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Superior Glove employee heading to Honduras to teach English

The Acton resident is taking part in the company’s new program that will benefit its employees in Central America
(From left) Derek Neal, HR co-ordinator for health and safety at Superior Glove, Heather Larsen, global human resource partner and a key player in organizing the Honduras initiative, and Superior Glove president Tony Geng. Both Neal and Geng will be in Honduras for the first two weeks of the English program.

A local man is looking to start the new year by making a difference in the lives of children.

Derek Neal is one of four Superior Glove employees from across North America who will be teaching children English in Honduras starting Jan. 4.

The new English school program will run for four weeks in Villanueva, Cortes, where Superior Glove has opened two plants since 2018.

The experience is geared toward children of the company’s 340 employees as an alternative to childcare while local schools are shut down for winter break.

“I was excited for this opportunity because it’s a chance to get back into teaching,” said Neal, a former educator.

The Acton resident will be taking a break from his regular duties in human resources at the local Superior Glove facility and tapping into his teaching background to support 30 students, ranging in age from 9 to 15.

He has been busy preparing curriculum and gathering supplies for this undertaking. He will be there for the first two weeks, with American colleagues then taking over to complete the final stretch of the four-week English learning experience.

“The ambition is to do it every year if it goes well,” said Neal. “I will be bringing books, worksheets and curriculum materials. In the school Wi-Fi is limited, so we will be relying on worksheets.”

With learning English being an expensive undertaking in Honduras, Neal said the program is a way to create opportunity for the families of Superior Glove employees.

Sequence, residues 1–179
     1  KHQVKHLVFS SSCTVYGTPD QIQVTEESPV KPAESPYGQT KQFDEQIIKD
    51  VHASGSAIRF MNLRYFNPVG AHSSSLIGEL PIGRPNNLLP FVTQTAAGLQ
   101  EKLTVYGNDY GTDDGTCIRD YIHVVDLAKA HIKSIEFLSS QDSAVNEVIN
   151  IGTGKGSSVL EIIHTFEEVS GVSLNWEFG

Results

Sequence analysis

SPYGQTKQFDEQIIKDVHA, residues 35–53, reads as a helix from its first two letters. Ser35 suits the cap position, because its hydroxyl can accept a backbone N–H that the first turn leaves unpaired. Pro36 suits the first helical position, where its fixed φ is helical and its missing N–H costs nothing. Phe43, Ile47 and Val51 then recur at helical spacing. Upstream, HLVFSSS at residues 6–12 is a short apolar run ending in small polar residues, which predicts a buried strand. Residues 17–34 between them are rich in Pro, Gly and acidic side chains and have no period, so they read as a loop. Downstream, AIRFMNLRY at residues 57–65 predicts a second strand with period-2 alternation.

“It’s nice to be given the opportunity to play a significant role and make a difference in people’s lives,” he added.

Neal is also looking forward to seeing his Honduras-based colleagues Nelson Gomez, an HR manager, and Daniela Bueno, plant manager in real life for the first time instead of on Microsoft Teams. They are the ones in Honduras getting the physical space ready for students.

Originally from North Bay, Ont. Neal moved to Acton in 2011 when his wife secured a full-time teaching job there. The couple, both teachers, had made a deal that they’d move to wherever one of them landed a full-time position. After supply-teaching for a while, Neal decided to pursue a career in human resources. Now, he works at Superior Glove in his home community, which means no more long commute.

As the other Canadian helping Neal for the first two weeks in Honduras, Melanie Thomas, a sewing machine mechanic based in Newfoundland, said she’s honoured to participate in the launch of the English program.

“Knowing that this program will be life-changing for the students will also be a life-changing experience for myself and the other teachers participating,” she said. “I look forward to seeing the progress while we are there, and the growth of the program in the future.”

Tim Noethen, a Superior Glove territory manager in sales from Wisconsin who will serve as an instructor in Honduras, said he’s humbled and grateful knowing he will influence the development of these students and the possibilities of their potential for the future.

“This program provides me a sense of great service and dedication to Superior Glove, and to the families of these children that I will be teaching and guiding on their learning path.”

Emily Vigeant, Superior Glove’s marketing director based in Massachusetts, is also looking forward to teaching English and getting to know more of her colleagues who are further afield.

“Having programs like this help us broaden our team view while providing meaningful support to colleagues and their families,” she said.

Superior Glove is a Canadian family-owned business that started locally in the early 20th century. The company makes safety gloves, sleeves and other personal safety equipment. Today, it has production facilities across Canada, in the United States, Mexico and Central America.